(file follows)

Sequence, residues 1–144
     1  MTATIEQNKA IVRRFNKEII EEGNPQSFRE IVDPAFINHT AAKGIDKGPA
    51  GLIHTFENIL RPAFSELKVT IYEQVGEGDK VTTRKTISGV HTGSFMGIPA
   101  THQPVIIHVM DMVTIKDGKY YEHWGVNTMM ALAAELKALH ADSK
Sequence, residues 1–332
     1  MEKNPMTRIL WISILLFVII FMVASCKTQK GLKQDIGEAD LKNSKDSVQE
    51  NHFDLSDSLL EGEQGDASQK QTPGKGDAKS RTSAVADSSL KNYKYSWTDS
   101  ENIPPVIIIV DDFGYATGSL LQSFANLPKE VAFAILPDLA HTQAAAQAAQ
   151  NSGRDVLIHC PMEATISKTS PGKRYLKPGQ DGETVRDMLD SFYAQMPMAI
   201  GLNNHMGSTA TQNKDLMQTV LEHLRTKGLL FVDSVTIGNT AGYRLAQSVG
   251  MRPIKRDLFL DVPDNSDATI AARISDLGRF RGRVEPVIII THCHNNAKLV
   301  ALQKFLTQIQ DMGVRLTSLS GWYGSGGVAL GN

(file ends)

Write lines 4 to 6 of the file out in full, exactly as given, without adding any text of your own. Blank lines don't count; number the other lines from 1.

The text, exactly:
   101  THQPVIIHVM DMVTIKDGKY YEHWGVNTMM ALAAELKALH ADSK
Sequence, residues 1–332
     1  MEKNPMTRIL WISILLFVII FMVASCKTQK GLKQDIGEAD LKNSKDSVQE